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Ayoubi v. Dart

United States District Court, N.D. Illinois, Eastern Division

February 13, 2017

Firas M. Ayoubi #2012-1207168, Plaintiff,
v.
Tom Dart, et al., Defendants.

          MEMORANDUM OPINION AND ORDER

          Charles R. Norgle, Judge

         Plaintiff Firas Ayoubi, a pretrial detainee confined at the Cook County Jail, brought this 42 U.S.C. § 1983 action against six jail officials and Cook County ("Defendants") asserting they acted with deliberate indifference to Plaintiffs health when inmates contagious with the flu were housed in the same tier as Plaintiff and other uninfected inmates for a period of five days. Plaintiff became ill with a high fever, night sweats, chills, and uncontrollable coughing for two weeks as a result. He contends that Defendants failed to take adequate precautions to ensure that uninfected inmates did not become ill. Currently before the Court is Defendants' motion for summary judgment, to which Plaintiff has responded.

         Also before the Court is Plaintiffs motion to compel discovery, wherein he states additional discovery is needed. Defendants have responded to Plaintiffs motion. For the reasons stated herein, the Court grants Defendants' motion for summary judgment and denies Plaintiffs discovery motion. This case is dismissed. The dismissal is without prejudice to Plaintiff seeking to bring his state-law claims of negligence in state court. The case in this Court, however, is terminated.

         BACKGROUND[1]

         Plaintiff entered the Cook County Jail on December 7, 2012. (Dkt. #126, Defs.' SOF ¶ 1; Dkt. #139, PL Resp. ¶ 1.) At that time, Tom Dart was Cook County Sheriff; Connie Menella was an official for Cermak Health Services (the healthcare provider for jail inmates); John Murphy was acting Executive Director of the Cook County Department of Corrections; Erica Queen was Superintendent of Records, Receiving, and Classification; Tyrone Everheart was Superintendent of Division 5; and Dr. Marghoob Khan was an attending physician of Division 5. (Id. at ¶ 2.)

         When Plaintiff entered the jail, he was first housed in Division 3 for three days. (Id. at ¶ 41.) From December 10, 2012 to January 15, 2013, Plaintiff was housed in Division 5, Tier 2A. (Id. at ¶ 4.) For a period of five days, from December 27, 2012 to January 2, 2013, cells on the upper level of Tier 2A were used to house inmates with influenza-like illness ('TLI") symptoms. (Id. at 8.) The inmates were designated as quarantine or isolation. (Id.) Plaintiff was never housed in a cell with an isolation or quarantine inmate. (Id. at ¶ 21.) Although the record is unclear as to when isolation/quarantine inmates and non-isolation/quarantine inmates were in the dayroom, Plaintiff was never in the dayroom at the same time as isolation/quarantine inmates. (Id. at ¶ 22.)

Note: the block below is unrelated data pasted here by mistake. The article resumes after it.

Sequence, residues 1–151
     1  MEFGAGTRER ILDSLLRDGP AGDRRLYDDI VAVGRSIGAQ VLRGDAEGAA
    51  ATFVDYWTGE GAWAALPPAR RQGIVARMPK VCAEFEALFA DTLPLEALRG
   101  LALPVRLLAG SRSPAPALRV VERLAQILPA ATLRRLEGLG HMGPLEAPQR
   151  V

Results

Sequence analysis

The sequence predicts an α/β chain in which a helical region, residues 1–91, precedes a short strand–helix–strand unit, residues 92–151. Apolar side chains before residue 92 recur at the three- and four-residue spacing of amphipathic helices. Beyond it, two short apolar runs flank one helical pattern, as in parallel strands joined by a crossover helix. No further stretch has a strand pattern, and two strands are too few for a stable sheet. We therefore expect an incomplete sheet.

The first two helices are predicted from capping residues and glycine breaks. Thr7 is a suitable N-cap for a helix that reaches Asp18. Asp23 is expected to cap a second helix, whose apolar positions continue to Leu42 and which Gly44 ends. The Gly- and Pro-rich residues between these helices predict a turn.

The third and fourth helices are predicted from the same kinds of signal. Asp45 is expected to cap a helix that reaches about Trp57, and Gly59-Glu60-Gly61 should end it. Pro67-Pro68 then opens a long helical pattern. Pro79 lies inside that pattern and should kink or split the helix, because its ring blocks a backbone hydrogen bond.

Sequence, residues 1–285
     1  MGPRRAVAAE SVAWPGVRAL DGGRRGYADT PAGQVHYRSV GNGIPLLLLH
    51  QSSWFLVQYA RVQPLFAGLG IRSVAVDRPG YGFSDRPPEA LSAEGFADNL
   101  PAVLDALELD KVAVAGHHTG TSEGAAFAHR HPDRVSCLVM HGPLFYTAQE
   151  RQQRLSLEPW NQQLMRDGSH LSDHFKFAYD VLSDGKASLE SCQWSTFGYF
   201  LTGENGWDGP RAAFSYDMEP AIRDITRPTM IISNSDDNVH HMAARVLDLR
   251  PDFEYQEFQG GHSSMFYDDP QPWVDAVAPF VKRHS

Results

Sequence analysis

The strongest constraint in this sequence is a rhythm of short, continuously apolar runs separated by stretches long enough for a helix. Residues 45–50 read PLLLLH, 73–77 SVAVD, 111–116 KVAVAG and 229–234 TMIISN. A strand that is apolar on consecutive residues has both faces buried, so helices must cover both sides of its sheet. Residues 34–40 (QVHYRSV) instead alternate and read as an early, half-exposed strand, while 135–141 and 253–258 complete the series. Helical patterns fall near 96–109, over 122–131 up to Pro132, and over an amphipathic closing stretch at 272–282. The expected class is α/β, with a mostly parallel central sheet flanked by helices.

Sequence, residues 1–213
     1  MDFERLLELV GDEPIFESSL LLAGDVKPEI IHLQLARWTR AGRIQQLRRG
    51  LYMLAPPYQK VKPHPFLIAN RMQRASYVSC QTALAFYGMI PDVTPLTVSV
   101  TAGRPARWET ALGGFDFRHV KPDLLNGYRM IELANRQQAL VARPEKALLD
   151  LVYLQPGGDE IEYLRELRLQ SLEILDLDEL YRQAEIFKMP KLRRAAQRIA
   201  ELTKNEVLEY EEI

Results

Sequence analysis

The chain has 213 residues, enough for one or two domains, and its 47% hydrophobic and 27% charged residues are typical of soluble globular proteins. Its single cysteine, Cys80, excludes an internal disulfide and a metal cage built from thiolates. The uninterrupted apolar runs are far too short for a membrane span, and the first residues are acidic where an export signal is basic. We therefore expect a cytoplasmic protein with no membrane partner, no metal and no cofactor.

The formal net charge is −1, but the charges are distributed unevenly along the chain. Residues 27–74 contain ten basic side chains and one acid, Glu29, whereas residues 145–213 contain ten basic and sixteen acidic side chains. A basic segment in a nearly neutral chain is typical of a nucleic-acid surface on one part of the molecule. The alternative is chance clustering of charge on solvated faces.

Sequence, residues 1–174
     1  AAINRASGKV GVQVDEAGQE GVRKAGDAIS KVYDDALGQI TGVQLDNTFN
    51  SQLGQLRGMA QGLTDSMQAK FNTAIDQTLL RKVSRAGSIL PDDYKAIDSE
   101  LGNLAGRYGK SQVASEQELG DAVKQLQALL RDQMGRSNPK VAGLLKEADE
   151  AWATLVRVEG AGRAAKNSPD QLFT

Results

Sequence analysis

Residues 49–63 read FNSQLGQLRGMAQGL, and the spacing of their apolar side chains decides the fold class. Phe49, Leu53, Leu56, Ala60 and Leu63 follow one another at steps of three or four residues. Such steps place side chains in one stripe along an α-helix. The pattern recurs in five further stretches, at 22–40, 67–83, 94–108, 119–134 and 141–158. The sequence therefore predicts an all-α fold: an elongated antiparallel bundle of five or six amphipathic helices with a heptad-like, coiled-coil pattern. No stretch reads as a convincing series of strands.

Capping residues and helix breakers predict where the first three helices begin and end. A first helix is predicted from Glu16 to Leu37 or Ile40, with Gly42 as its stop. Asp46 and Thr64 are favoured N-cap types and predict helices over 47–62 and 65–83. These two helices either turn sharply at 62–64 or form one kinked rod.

Cermak had policies in place specifically addressing the housing of inmates with influenza. (Id. at ¶¶ 11-13.) Inmates who exhibited flu-like symptoms that were contagious by droplet transmission (meaning the illness could be spread through coughing and sneezing) were deemed isolation inmates and could share a cell with another isolation inmate, but not a non-isolation inmate. (Id. at ¶ 12.) Isolation inmates could be housed on the same tier as general population inmates, but isolation inmates were supposed to have their own dayroom and wear masks. (Id.) Quarantine inmates were inmates who did not exhibit flu symptoms (in particular droplet transmissions) but who may have been exposed to a symptomatic inmate. (Id. at ¶ 13.) The same rules applicable to isolation inmates (being housed in a cell with only similarly-designated inmates; using their own dayroom; wearing masks) applied to quarantine inmates. (Id.) Plaintiff does not contest that the above-described policies existed. He does contest, however, if and how those policies were enforced. (Dkt. #139, ¶ 13.)